The last ten years have witnessed a surge in housing prices. Prices have more than doubled nationwide since they peaked in the aftermath of the economic recession and the housing crash in 2008–2009. However, this extended period of significant price increases is coming to an end. In the majority of the country, prices are expected to decrease. Over the next few years, most regions will only see small drops, while those where prices rose during the good times will see greater declines.
What’s Caused the Rise In Home Prices?
According to data from the National Association of Realtors (NAR), the median sales price for an existing home was $407,600, up 14.8% from a year ago. Despite a slight slowdown recently, home prices are still rising quickly. Early in the year, sales prices were 20% higher that they had been previously. Two concurrent trends, each of which is active on a different side of the pricing equation, are what’s causing that increase. There are fewer homes available due to lesser people deciding to leave their current properties and the under-building of new homes during the previous ten years.
“I know it [double-digit home price declines] sounds really really bad, but the reality is you have to take a longer-term lens on this and have some perspective because those markets saw run-ups of 30%, 40%, 50% plus over the last year or two. So we really compressed into a year or two a decade of home price appreciation So even if our forecasts are right and prices do decline double-digits in some of these markets over the next few years, we’re only going to be resetting down to what home prices were in 2020 or early 2021,”
– Rick Palacios Jr., head of research at John Burns Real Estate Consulting
In some ways, the impending correction in housing prices may be restorative. The removal of flippers from the property market before they spread to other areas is a gain. Additionally, the Federal Reserve is increasing interest rates in an effort to slow the economy and control excruciatingly high inflation. A tiny, needed price to pay to control inflation is fewer home sales and a correction in housing prices because the housing sector of the economy is the most rate-sensitive. Uncomfortably high risks exist, of course, that the Fed may misread its rate hikes and lead to a recession and a more significant decline in home prices. If so, the distinction between a correction in housing prices and a crash may just be a formality.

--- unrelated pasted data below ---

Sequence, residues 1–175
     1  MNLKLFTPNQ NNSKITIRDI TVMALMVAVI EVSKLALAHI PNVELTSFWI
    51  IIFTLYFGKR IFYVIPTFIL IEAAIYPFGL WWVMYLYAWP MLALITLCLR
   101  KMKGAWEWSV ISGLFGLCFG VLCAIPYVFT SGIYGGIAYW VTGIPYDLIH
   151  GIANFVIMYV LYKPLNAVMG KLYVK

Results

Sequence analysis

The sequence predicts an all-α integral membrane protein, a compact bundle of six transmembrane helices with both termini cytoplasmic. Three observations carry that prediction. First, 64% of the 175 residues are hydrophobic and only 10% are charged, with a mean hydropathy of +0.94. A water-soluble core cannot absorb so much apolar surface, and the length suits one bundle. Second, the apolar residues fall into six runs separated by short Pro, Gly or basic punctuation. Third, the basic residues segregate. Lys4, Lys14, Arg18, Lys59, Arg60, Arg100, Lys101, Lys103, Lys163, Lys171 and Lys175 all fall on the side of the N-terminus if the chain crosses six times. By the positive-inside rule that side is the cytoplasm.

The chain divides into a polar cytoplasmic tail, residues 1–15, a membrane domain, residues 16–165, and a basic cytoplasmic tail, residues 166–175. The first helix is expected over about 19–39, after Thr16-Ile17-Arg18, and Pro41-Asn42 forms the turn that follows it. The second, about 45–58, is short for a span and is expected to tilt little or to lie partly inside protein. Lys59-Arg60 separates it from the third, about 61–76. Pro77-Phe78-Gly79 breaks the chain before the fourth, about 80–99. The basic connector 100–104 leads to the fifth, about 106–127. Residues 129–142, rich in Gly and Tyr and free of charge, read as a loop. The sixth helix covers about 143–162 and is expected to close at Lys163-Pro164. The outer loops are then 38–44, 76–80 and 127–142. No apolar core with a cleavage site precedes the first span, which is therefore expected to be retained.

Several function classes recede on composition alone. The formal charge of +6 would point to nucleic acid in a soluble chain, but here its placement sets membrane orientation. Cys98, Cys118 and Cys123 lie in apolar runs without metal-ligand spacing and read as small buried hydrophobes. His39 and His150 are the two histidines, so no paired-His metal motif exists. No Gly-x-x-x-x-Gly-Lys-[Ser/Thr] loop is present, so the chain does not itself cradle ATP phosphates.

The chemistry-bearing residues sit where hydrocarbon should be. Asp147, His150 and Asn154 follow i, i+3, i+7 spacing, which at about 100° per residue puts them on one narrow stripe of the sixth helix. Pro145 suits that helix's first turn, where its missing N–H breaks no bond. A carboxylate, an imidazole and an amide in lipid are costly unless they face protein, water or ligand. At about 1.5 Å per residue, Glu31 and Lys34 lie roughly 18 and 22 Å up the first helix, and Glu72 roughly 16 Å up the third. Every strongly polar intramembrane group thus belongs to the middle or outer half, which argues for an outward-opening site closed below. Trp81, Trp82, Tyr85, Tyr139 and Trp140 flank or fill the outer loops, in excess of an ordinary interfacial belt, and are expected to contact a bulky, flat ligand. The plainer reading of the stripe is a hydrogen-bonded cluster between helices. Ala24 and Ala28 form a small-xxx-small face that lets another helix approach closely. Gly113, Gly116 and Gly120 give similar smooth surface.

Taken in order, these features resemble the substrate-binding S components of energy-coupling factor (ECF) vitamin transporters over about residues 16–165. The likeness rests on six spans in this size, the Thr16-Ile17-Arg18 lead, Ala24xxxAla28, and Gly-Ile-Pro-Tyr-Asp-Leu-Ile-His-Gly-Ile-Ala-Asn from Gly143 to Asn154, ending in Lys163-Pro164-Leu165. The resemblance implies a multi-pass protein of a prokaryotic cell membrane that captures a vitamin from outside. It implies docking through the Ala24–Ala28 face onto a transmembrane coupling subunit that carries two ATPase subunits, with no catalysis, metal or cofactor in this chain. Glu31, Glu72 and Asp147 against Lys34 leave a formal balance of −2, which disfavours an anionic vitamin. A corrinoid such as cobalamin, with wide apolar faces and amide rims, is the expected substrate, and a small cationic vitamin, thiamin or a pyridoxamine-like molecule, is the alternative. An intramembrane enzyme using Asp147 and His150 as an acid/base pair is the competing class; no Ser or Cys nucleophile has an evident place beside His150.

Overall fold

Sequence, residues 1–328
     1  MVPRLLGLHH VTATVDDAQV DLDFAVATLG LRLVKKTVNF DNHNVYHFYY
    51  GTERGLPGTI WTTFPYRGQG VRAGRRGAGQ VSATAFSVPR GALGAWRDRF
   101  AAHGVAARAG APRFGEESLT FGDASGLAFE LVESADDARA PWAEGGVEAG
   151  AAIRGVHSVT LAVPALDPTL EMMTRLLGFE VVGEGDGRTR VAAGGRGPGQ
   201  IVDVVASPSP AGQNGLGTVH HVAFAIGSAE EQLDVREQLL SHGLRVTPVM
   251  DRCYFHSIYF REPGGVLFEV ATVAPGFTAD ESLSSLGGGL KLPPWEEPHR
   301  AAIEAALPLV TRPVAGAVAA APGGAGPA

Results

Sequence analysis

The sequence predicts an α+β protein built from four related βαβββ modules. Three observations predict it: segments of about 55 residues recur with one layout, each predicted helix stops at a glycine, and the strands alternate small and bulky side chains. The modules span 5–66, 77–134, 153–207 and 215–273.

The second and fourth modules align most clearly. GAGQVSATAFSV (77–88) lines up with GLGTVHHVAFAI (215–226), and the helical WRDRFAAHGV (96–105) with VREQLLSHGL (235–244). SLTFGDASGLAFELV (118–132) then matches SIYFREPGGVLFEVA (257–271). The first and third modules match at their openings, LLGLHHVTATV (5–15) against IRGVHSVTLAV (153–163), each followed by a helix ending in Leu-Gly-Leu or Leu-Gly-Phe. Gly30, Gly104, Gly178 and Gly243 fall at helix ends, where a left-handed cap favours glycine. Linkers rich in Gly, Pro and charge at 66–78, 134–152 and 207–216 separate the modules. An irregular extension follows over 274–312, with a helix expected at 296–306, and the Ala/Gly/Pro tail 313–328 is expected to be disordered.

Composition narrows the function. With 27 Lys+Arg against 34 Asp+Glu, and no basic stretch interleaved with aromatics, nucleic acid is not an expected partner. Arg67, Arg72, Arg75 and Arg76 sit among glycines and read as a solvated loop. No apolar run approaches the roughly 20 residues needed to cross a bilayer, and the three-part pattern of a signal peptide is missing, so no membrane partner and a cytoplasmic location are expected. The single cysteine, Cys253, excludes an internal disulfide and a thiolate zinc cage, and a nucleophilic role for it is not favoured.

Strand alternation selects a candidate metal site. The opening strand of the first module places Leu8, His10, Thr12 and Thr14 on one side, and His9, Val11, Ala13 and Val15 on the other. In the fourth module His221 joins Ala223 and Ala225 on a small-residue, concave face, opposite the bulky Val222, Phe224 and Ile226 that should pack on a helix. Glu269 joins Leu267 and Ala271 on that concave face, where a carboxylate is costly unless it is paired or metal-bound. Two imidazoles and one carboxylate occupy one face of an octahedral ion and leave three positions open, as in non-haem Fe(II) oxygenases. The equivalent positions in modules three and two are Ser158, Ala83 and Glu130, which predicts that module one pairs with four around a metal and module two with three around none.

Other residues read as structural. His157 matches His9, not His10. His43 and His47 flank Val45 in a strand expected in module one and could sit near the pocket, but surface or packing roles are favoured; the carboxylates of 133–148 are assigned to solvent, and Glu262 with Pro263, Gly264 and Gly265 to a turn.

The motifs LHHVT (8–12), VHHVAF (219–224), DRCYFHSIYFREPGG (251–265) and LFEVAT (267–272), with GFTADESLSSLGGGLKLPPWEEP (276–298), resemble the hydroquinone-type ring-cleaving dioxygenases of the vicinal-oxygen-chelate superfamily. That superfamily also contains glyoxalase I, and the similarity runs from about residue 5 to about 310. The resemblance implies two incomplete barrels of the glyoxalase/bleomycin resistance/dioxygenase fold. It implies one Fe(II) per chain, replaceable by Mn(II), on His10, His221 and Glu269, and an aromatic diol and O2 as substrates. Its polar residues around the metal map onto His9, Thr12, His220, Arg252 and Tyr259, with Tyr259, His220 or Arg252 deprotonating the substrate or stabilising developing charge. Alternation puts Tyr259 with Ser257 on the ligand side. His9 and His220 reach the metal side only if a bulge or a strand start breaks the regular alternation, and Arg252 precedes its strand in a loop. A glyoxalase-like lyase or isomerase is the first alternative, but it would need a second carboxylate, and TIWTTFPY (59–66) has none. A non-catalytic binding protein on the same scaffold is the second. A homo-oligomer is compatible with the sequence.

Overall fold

According to experts, it is unlikely that costs would decrease significantly across the country anytime soon. And while the rate of home price growth may reduce, this is probably due to fewer people having the means to shop in a more expensive market. Locally, specific marketplaces may experience lower costs, but experts suggest that without a significant economic shift, a significant drop in prices overall is improbable. Millennials are in the peak years for homeownership—which has increased demand. Additionally, the rise of remote work has made it possible for more people to live farther away from their places of employment and urban areas.
The Bottom Line
Nevertheless, buying can be a wise move. Rentals are rising along with home prices, and if you buy a house with a fixed-rate mortgage, your monthly payment will remain the same as rents in the area continue to rise. If you’re anticipating a market crash, it’s unlikely that will happen in this situation, and you’ll probably have to wait a very long time. Make sure you have a team of experts to guide you through this competitive market as you go through the buying journey.
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